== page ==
Our town was ready. By first light, the Nextdoor email group was abuzz with news of the hateful fliers as well as final details about the March for a Hate-Free Hillsborough scheduled for noon that day. The Klan’s protest the week before, replete with white robes and wizard hats, hadn’t come out of the blue. For several years now we’ve been targeted by numerous Confederate-flag-waving protests, challenging the county’s banning of “Rebel” symbols in the schools, the removal of the words “Confederate Memorial" from the history museum, as well as a town decision to limit the size of flags after an enormous and intimidating Confederate flag had been hoisted on nearby U.S. 70.
Two community organizations, Hillsborough Progressives Taking Action and the Hate-Free Schools Coalition, jumped into action, creating a flier for the anti-hate march that was posted on message boards and handed out by the light of day, calling for Hillsboroughians “to organize in bold opposition to this hate, violence, and intimation.” That flier, that message, that determination to resist — these elements form the kernel of decency at the very core of Hillsborough — a diverse town of about 6,500 adjacent to Durham and Chapel Hill — and, I believe, the seeds of victory over hate.
The kickoff spot was the Old Slave Cemetery, across the street from my house, which is usually deserted in early morning. Saturday was different. As my dog and I watched from the front porch, police officers and their canines swarmed the cemetery and its perimeter. They were “doing a sweep for explosives,” as one lieutenant explained to me.
As a journalist, I knew what to do: get out there and report on the unfolding story. But I’m also a local and I felt a mix of fear and pride. Believe me, it was unsettling to watch that sweep, especially since Zoe, my terrier, and I walk that perimeter every day. At the same time I was proud of our community leaders who had organized a rapid-response text network that alerts citizens to anti-hate actions, and this march.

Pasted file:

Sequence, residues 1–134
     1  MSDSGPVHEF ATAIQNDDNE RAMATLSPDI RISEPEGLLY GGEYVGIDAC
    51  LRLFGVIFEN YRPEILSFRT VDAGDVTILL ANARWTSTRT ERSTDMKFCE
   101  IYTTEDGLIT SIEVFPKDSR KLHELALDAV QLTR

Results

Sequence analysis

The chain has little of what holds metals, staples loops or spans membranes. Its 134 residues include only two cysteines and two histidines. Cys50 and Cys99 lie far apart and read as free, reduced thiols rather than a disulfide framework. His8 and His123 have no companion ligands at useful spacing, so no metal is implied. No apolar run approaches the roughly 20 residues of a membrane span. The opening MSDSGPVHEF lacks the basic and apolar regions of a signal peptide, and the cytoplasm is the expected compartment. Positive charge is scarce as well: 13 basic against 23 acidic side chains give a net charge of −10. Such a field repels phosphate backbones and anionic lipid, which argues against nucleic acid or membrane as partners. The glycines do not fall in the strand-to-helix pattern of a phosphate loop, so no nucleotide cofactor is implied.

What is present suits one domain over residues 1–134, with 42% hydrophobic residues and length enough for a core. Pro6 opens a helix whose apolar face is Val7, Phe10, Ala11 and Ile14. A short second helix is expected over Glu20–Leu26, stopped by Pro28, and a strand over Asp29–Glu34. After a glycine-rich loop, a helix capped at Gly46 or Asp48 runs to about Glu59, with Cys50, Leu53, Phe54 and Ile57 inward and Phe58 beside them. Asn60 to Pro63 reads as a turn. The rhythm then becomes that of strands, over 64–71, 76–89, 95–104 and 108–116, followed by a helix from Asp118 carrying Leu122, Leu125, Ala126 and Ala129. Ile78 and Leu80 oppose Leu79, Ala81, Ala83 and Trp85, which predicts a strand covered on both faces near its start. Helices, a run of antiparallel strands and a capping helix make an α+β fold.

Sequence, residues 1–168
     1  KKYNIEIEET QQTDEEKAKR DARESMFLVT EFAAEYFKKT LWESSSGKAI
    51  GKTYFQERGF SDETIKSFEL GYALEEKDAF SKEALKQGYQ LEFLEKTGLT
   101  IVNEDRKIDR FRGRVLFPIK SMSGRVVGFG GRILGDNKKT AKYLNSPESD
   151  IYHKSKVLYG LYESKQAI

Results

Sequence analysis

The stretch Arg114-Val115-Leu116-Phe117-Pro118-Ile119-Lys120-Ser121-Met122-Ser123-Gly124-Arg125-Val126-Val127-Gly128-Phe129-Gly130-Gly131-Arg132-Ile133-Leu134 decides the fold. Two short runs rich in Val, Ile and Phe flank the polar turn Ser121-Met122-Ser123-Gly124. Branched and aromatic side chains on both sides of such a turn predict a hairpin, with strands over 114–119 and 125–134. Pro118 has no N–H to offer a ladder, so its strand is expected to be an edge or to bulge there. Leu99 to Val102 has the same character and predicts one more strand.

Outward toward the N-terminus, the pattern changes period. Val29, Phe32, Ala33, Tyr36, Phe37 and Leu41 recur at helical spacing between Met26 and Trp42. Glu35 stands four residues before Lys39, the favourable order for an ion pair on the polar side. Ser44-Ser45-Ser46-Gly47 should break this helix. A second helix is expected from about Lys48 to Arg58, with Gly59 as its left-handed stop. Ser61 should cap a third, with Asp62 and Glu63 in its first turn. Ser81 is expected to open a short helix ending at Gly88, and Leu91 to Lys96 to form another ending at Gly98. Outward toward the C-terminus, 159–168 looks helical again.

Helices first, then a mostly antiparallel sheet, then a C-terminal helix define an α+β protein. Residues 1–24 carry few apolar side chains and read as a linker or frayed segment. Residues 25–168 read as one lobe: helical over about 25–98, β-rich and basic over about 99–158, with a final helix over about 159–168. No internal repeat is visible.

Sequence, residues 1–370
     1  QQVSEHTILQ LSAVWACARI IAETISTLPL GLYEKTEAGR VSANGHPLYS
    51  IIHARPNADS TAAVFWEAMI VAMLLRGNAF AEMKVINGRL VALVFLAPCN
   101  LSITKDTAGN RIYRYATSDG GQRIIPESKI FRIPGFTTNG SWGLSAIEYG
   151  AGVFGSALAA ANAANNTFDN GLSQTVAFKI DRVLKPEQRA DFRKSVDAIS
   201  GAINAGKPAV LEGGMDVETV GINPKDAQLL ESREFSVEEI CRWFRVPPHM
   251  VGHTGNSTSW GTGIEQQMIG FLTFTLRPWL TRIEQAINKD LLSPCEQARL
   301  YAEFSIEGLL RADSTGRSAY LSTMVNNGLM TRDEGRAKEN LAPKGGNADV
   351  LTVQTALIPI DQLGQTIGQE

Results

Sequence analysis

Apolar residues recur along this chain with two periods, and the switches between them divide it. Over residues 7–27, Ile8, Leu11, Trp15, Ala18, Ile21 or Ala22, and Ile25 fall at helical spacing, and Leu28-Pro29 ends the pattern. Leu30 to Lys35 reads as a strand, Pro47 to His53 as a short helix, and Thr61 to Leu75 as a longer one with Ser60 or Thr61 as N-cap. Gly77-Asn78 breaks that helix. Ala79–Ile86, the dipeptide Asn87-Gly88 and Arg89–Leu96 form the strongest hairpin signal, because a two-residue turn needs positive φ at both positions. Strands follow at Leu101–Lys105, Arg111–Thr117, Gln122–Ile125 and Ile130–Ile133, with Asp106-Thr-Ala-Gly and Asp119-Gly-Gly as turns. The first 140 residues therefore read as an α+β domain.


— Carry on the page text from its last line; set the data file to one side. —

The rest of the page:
(Hillsborough’s police chief, Duane Hampton, emailed me midweek to say that an “active investigation” of the fliers has been started. When I called the Klan group in Pelham for information, I listened to an outgoing message that included, “If you’re white and proud, join the crowd.” I didn’t receive a call back.)
Just before noon, I watched as neighbors poured into the cemetery from all directions. By the time I walked across the street, a crowd of several hundred had gathered. Singles. Couples. Families of all stripes. Black folk, brown and white folk, too. Mayor Tom Stevens, surveying the crowd, told me: “These are just average citizens, young, old, who have taken recent events very seriously and love this town.”
These “average citizens” carried homemade signs with heartfelt sentiments. One middle-aged woman held up a piece of cardboard with thick white lettering: “Make America Kind Again.” Another gentleman stood at attention, his sign proclaiming, “Our Town Our People.” A schoolboy, probably not older than 10, held a neon green poster board on which he’d sketched a peace sign. An African American couple in “Kamala Harris 2020” T-shirts held a sign between them: “No place in America for white supremacy.”
Determination overlaid the sadness at having to be there. “I was choking back tears the whole time,” said neighbor Tori Reynolds, referring to the opening remarks, song and benediction at the cemetery, which included members of the Meherrin and Occaneechi Indian Nations. “There we were, standing on the bodies of dead slaves. I felt the pain of all those humans who suffered — the torture, the loss of life and dignity.”